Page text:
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Shakespeare’s Merchant of Venice: A Bayesian Puzzler

February 13, 2019

Further and deeper exploration of paradoxes and challenges of intuition and logic can be found in my recently published book, Probability, Choice and Reason.

In William Shakespeare’s ‘Merchant of Venice’, potential suitors of young Portia are offered a choice of three caskets, one gold, one silver and one lead. Inside one of them is a miniature portrait of her. Portia knows it is in the lead casket.

Now, according to her father’s will, a suitor must choose the casket containing the portrait to win Portia’s hand in marriage. The first suitor, the Prince of Morocco, must choose from one of the three caskets. Each is engraved with a cryptic inscription. The gold casket reads, “Who chooseth me shall gain what many men desire.” The silver casket reads, “Who chooseth me shall get as much as he deserves.” The lead casket reads, “Who chooseth me must give and hazard all he hath”. He chooses the gold casket, hoping to find “an angel in a golden bed.” Instead, he finds a skull and a scroll inserted into the skull’s “empty eye.” The message he reads on the scroll says, “All that glisters is not gold.” The Prince beats a hasty exit. “A gentle riddance”, says Portia. The next suitor is the Prince of Arragon. “Who chooseth me shall get as much as he deserves”, he reads on the silver casket. “I’ll assume I deserve the very best”, he declares, and opens the casket. Inside he finds a picture of a fool with a sharp dismissive note which says “With one fool’s head I came to woo, But I go away with two.”

Now let us think about a plot twist where Portia must open one of the other caskets and give Arragon a chance to switch choice of caskets if he wishes. She is not allowed to indicate where the portrait is and in this case must open the gold casket (she knows it is in the lead casket so can’t open that) and show it is not in there. She now asks the Prince whether he wants to stick with his original choice of the silver casket or switch to the lead casket.

Let us imagine that he believes that Portia has no better idea than he has of which casket contains the prize. In that case, should he switch from his original choice of the silver casket to the lead casket? Well, since Portia had no knowledge of the location of the portrait, she might have inadvertently opened the casket containing the portrait, so she adds new information by opening the casket. But if he knows that she is aware of the location of the portrait, her decision to open the gold casket and not the lead casket has doubled the chance that the lead casket contains the portrait compared to his original choice, other things equal. This is because there was just a one third chance that his original choice (silver) was correct and a two thirds chance that one of the other choices (gold, lead) was correct. She is forced to eliminate the losing casket of the two (in this case, gold), so the two thirds chance converges on the lead casket.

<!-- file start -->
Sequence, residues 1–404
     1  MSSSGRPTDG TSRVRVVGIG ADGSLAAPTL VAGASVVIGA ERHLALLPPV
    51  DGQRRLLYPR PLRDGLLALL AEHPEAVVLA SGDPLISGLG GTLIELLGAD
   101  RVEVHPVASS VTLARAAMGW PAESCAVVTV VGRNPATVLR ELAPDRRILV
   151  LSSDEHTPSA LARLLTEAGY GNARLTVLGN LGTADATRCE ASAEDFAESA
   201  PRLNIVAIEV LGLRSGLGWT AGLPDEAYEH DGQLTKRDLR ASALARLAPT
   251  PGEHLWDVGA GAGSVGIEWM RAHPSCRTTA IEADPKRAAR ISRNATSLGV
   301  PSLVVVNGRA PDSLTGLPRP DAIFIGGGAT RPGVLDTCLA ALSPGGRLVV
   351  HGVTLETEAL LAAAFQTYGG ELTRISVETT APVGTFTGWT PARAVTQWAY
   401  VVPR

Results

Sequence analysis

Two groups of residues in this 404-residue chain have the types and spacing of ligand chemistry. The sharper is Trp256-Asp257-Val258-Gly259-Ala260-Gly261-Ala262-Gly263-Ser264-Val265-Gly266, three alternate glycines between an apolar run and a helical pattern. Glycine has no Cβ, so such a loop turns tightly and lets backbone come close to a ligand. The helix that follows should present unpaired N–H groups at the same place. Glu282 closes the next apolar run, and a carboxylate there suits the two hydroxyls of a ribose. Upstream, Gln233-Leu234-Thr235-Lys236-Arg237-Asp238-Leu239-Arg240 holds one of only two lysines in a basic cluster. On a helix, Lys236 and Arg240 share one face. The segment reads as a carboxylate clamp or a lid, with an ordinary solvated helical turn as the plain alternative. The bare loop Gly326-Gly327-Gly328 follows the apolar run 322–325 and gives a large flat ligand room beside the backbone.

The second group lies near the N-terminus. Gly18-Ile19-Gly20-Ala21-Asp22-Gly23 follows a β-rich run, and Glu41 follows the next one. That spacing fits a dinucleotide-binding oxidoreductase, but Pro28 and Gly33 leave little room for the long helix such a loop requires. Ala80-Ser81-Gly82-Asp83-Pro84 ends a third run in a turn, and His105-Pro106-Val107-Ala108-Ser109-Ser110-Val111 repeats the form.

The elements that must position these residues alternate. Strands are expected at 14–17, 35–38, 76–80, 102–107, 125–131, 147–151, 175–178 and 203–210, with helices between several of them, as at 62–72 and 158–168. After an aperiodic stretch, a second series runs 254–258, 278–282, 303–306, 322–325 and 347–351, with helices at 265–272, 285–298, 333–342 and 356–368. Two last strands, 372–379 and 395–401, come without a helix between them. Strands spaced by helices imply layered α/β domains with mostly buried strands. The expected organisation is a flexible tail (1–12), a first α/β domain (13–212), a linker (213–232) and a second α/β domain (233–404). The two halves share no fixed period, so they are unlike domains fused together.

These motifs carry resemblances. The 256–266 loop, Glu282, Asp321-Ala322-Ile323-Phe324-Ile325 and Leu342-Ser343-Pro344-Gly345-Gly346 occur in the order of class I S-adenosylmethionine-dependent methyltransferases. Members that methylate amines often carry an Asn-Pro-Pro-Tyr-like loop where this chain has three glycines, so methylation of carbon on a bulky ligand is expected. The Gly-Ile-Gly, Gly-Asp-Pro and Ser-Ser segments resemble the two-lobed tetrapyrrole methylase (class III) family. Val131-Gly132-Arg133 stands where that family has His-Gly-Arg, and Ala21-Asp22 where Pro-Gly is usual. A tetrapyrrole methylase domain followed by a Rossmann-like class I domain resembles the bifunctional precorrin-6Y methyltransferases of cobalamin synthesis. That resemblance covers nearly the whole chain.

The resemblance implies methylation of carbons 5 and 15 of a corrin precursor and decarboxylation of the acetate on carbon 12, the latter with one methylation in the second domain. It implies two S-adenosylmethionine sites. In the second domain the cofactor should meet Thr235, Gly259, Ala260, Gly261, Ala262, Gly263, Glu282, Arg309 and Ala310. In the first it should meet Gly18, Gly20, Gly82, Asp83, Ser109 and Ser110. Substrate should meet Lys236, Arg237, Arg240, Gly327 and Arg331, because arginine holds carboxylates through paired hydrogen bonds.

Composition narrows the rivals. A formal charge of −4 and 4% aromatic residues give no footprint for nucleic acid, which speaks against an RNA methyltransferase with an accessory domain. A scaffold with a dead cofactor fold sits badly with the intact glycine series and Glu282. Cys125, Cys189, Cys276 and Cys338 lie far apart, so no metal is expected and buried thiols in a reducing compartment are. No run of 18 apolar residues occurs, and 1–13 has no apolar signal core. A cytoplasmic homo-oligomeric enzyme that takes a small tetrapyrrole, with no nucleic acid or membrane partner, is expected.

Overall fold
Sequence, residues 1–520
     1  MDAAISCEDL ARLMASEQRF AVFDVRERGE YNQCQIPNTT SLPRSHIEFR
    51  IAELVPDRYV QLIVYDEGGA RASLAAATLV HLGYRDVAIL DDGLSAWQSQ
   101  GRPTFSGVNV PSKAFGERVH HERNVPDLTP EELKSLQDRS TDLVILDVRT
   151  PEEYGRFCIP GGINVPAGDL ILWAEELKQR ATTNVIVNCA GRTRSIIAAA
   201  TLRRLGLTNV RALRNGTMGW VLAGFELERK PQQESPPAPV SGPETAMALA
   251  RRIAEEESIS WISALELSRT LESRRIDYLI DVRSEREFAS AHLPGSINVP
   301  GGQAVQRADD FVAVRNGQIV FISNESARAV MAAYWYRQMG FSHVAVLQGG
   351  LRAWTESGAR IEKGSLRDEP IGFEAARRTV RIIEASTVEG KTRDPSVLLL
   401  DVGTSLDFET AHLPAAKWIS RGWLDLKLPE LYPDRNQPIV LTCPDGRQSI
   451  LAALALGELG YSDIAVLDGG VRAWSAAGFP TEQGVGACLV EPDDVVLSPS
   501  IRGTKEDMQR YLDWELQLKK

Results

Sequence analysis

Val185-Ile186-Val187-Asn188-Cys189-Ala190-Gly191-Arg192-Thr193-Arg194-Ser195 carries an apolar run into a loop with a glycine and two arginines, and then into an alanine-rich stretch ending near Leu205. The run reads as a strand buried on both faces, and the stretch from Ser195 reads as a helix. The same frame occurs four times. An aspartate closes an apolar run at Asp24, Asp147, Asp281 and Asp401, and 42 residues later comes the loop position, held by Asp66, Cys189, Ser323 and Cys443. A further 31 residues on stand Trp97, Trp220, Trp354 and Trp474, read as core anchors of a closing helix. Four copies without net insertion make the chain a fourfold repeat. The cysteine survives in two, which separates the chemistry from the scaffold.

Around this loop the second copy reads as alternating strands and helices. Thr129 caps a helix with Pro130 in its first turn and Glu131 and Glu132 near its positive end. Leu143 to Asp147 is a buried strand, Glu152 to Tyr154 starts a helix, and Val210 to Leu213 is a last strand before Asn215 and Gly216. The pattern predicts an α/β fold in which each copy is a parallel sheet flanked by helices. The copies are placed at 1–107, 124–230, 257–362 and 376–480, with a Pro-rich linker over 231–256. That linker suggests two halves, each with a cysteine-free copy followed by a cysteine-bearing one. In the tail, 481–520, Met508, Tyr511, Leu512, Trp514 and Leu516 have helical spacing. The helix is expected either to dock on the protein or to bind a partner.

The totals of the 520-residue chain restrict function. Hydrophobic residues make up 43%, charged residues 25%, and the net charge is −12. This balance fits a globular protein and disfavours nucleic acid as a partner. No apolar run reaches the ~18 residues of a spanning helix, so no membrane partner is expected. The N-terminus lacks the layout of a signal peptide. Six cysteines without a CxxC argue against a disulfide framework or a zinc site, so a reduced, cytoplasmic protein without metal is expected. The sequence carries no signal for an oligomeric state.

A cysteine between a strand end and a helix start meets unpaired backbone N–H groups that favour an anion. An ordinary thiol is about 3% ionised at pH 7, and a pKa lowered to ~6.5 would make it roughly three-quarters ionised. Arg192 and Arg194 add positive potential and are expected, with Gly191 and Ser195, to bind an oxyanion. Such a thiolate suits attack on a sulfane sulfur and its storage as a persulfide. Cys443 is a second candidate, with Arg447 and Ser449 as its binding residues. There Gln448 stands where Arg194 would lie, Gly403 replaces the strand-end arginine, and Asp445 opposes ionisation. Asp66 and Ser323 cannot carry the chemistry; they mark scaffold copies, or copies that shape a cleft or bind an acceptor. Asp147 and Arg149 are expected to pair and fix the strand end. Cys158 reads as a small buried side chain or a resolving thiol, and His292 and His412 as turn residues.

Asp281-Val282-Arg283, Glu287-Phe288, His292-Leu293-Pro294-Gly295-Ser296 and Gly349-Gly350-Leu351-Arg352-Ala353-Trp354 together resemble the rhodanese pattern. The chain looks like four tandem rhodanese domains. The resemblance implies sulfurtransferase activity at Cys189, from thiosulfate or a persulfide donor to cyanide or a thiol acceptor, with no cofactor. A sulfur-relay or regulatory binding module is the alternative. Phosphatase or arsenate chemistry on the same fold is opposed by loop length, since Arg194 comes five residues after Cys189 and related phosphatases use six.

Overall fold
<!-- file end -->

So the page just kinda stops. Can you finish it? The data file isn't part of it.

So should he switch to the lead casket or stay with the silver? It depends whether things actually are equal. In particular, it depends on how valuable any information contained in the inscriptions is. If he has little faith in the inscriptions to arbitrate, he should definitely switch and improve his chance of winning fair Portia’s hand from 1/3 to 2/3. If he thinks, however, that he has unlocked the secret from the inscriptions, the decision is more difficult. If so, he might stick with his choice in good conscience.

In summary, the key to the problem is the new information Portia introduced by opening a casket which she knew did not contain the portrait. By acting on this new information, the Prince can potentially improve his chance of correctly predicting which casket will reveal the portrait from 1 in 3 to 2 in 3 – by switching boxes when given the chance. Unless he has other information which makes the opening probabilities different to 1/3 for each casket, such as those cryptic inscriptions. If this information is potentially valuable, or at least if the Prince thinks so, that complicates matters!

From → Probability, Puzzles

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